Norma Jean, Jack, and Me” has the allure of a mental game most everyone’s played before: What would Marilyn Monroe and John F. Kennedy be like now if they’d lived? Alas, the particular daydream scenario on display here is hardly the most imaginative or incisive that one could devise. Rapidly losing steam once its basic conceit is established, unengaging low-budgeter’s limitations will go down easier on the small screen, where pic could earn some exposure as a passable curio.
Young, presumably shipwrecked Rob (Kai Lennox) washes onto a nameless Caribbean isle with a briefcase full of cash and dope; his appearance sends a surprised woman screaming homeward. Turns out the lady is MM herself (Sally Kirkland), still giggly-undulatory and neurotic after all these years; she’s been in boozy hiding with ex-prez mate (Michael Murphy) since they both decided to exit the public spotlight.
JFK wants to eliminate the unwelcome guest to protect their top-secret “retreat” (one curiously lacking servants or bodyguards); she wants a stay of execution at least long enough to give her rusty seductive charms some exercise. Not helping his own cause, Rob shrugs, “She’s too old for me.”
Less-than-sparkling dialogue drops names and reviews familiar celeb pasts while Rob demonstrates how crassly self-interested Today’s Youth have become. Rote yuks are had when the famous duo re-ignite their dormant sex life (“Jack is back, and I’m on my back!”). Scant credibility, let alone excitement, arises as they briefly consider returning to “a nation in need of a miracle,” or when Rob gets inspired to make a Just Say No to Drugs (and drug money) parting gesture.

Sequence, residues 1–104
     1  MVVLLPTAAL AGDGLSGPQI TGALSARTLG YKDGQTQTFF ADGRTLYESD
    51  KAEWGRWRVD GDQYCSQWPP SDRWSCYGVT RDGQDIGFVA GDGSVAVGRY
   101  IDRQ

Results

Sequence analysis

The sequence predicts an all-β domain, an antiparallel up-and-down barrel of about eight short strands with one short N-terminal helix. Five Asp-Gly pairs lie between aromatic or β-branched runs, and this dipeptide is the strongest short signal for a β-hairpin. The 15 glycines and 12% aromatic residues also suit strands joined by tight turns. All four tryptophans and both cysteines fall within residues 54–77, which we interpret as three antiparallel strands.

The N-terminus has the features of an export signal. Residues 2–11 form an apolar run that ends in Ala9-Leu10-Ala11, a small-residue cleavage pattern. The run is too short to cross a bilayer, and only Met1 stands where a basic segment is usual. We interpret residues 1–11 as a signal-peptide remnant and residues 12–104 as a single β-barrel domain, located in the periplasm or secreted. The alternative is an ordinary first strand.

Semi-comic treatment of MM and JFK is skin-deep: She’s somewhat embarrassingly unaware that her helpless-little-sexpot act doesn’t fly at 60 -something, while he’s a crusty, sometimes cranky exemplar of graying New England aristocracy.
Kirkland does nail the character’s comic absurdity and pathos; if script had as much flamboyant punch as the numerous va-voom gowns she sashays around in, the performance might have comprised a memorable homage.
Murphy makes less of an impression; looking more like Jimmy Carter than a Kennedy, he focuses effort on an old-money accent but seems understandably lukewarm about applying much more to the weak text. Lennox does little to lend his generic Gen X stereotype redeeming charm, comic disbelief or sex appeal.
Both elder leads look rather too fit and unlined to suggest nearly four decades’ tropical sun and cocktail intake. As with everything else here, pic flirts with, but stops halfheartedly, sentimentally short of the subversive potential inherent in a more grotesque, black-comedically-realistic what-if depiction. (Imagine a returned-to-form John Waters playing this concept as a tabloid headline “Who’s Afraid of Virginia Woolf?” meets “Gilligan’s Island” — hmm, could work, could work.)
Best aspect in very modest production package are handsome vacation postcard exterior views. Elsewhere, increasingly blah talkfest looks and feels like a filmed stage piece. Director, co-scenarist and TV producing-writing vet Cyrus Nowrasteh conjures little atmosphere or pace.